Boulangeries, Baguettes, and Sandwiches
The range of French breads available in a good French boulangerie
(bakery) is a heart-warming sight. So many to choose from, you could try a different one every day of the month. Most boulangeries also sell croissants and other viennoiseries and some sell an array of gorgeous cakes.
Boulangeries are traditionally family-owned enterprises in France. Nowadays, grocery store boulangeries are also selling a lot of French breads, but I think most people would agree with me that, typically, the bread produced by these larger operations is inferior. In France, you will notice almost right away that there is one bread that every bakery sells more of than any other. This is the long,
skinny baguette that makes up a fair portion of the typical French person's daily calories. Many begin their day with a tartine
- a baguette spread with butter and jam, and round slices of baguette are commonly served with lunch and dinner.
- The crust should be golden, even and crunchy.
- The interior or mie as the French call it, should be airy, even holey.
- The mie should not stick to your fingers or to your mouth.
- Baguettes do not store, they are made to be bought and eaten that day.
Making a sandwich
You might be surprised to find that French breads include very little sliced sandwich bread. I know you have some good ones in North America these days, but the French just don't do this. There are some sliced French breads in the grocery store here, but most are not worth bothering with. So why not try making your sandwiches like the French? Slice a baguette lengthwise, leaving a small part
attached so the ingredients don't fall out. And don't forget the French are modest when it comes to stuffing their sandwich - no overflowing meat, ok?
A Little Etiquette
If you are in France, and there is bread on the table, keep in mind a few bits of French etiquette:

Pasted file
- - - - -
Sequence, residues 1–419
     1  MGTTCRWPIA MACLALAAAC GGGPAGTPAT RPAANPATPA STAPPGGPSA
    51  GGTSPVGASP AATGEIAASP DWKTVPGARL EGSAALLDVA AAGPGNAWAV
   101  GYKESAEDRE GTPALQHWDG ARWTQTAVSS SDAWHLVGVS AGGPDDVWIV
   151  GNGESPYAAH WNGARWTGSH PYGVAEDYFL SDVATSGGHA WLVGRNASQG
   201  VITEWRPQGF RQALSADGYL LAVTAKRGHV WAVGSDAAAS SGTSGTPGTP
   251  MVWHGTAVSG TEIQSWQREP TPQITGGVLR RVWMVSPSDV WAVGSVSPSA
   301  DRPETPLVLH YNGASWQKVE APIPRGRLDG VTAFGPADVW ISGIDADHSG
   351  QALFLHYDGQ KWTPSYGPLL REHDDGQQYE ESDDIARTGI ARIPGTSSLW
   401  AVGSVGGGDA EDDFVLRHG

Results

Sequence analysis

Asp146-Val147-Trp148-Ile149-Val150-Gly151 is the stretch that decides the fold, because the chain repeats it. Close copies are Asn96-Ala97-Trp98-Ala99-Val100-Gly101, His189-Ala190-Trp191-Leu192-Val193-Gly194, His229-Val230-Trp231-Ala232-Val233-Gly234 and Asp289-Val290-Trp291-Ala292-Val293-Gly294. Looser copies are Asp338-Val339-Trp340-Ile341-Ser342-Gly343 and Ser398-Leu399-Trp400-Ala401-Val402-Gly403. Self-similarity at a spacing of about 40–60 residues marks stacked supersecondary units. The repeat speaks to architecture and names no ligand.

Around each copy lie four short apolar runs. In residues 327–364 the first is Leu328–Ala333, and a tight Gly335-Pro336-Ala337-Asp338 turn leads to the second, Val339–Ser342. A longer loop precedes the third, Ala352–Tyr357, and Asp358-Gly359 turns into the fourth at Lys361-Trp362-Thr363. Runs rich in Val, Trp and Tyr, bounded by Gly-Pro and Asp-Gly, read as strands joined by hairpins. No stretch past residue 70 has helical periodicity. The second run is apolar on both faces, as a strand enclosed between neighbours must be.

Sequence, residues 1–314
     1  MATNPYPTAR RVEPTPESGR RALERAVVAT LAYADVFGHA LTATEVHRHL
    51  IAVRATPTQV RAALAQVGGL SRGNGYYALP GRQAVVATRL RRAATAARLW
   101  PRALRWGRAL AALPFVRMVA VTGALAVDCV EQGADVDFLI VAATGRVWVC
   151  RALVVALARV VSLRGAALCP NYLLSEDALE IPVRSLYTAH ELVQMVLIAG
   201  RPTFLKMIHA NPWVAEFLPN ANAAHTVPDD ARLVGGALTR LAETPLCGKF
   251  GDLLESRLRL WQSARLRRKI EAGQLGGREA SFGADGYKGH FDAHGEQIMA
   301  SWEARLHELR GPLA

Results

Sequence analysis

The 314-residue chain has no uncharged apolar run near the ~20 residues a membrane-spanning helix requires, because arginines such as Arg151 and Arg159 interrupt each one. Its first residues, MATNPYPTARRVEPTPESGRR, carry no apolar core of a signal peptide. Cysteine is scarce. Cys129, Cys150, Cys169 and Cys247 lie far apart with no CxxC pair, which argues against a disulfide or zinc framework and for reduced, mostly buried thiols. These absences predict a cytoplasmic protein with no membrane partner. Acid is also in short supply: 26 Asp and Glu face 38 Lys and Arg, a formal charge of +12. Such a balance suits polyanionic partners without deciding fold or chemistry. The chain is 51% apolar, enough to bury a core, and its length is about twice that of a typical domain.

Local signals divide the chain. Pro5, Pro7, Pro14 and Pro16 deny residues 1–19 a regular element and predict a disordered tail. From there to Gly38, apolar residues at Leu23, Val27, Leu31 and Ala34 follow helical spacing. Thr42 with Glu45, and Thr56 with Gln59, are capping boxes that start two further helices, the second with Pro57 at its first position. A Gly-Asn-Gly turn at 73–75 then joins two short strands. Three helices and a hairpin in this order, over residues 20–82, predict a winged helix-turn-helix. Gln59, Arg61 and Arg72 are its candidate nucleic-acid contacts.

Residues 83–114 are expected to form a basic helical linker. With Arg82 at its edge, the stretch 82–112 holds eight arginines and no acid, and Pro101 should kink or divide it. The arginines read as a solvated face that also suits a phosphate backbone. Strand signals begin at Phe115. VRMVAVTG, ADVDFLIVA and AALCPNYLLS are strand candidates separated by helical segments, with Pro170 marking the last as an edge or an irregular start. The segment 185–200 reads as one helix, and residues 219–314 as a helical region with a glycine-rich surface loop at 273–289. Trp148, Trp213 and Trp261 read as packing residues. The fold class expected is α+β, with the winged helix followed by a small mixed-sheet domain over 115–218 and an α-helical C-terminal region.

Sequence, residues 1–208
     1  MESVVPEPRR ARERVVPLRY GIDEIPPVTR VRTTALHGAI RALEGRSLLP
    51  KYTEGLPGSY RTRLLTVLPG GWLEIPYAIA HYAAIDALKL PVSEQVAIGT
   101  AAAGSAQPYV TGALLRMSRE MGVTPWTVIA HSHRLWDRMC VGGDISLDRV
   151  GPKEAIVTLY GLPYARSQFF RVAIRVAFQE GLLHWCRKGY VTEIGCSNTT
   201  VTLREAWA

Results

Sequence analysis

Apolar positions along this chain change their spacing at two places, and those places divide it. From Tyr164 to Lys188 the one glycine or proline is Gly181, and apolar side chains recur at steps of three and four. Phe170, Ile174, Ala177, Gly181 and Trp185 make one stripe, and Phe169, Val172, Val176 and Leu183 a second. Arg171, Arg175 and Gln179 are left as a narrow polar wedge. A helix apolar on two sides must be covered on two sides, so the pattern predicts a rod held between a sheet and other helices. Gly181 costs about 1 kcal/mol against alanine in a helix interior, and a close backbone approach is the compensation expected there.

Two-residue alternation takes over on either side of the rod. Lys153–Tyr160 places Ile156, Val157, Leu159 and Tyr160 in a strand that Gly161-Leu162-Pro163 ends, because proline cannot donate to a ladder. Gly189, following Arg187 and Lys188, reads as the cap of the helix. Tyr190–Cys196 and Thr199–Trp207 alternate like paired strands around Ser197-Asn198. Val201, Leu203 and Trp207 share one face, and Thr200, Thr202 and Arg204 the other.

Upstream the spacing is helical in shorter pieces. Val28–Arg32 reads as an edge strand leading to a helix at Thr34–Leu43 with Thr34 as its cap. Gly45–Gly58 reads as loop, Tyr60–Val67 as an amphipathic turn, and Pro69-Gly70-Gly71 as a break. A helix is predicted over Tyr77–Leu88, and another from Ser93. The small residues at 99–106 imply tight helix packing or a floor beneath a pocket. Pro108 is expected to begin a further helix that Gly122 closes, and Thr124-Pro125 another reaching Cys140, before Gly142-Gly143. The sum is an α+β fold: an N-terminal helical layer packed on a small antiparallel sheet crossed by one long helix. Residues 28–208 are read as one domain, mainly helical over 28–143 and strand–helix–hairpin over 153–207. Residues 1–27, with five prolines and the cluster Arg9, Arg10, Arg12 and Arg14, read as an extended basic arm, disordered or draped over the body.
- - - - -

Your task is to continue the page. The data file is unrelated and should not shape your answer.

- Don't just start eating the bread. It is not meant to be eaten separately and is rarely spread with butter.
- French breads are meant to accompany the meal, torn into bite sized pieces as you go. Don't cut the bread with a knife.
- A piece of bread that you are working on does not go on your plate. It goes on the table. I know, this is a hard one to get used to.
- You can use a bite sized piece of bread to soak up a last bit of yummy sauce on your plate. If you need to be extra polite, do this with your fork.
- To eat your bread with cheese, tear a bite sized piece off of what you have served yourself and eat that with a piece of the cheese. Don't spread or stack the cheese on top of a piece and take bites out of it.
The Importance of Bread
I remember well the day I finally understood just how important bread is to a French person. We were living down (way down) a road that dead ended in the mountains in Corsica. Torrential rains had been falling for hours on end and I was scheduled to get on an airplane with my kids the next day - my husband was away at the time (he always misses the fun parts). I had put all the kids in the car to
go into town to dry out some clothes for we had no dryer in those days. As I came around a bend in the sinuous mountain road, I was astonished to find a river where I was accustomed to seeing a road. I got out of the car and as it was gradually dawning on me that I was cut off from the world and that life had just gotten very interesting, I saw in the distance a figure fording the new river. He
was up to his waist in rushing water, slowly moving toward me with his arms above his head, holding something aloft. Finally, when he was across, I saw that his precious cargo was two baguettes and he generously offered me one of them. Turned out he was the forest ranger who lived at the end of the road. He had had quite a day apparently - his wife had been swept away in the flooding waters
further up in the mountains and had been saved by a helicopter. None of this deterred him though from one of the most important tasks of his day - buying bread! Go from French breads to French Foods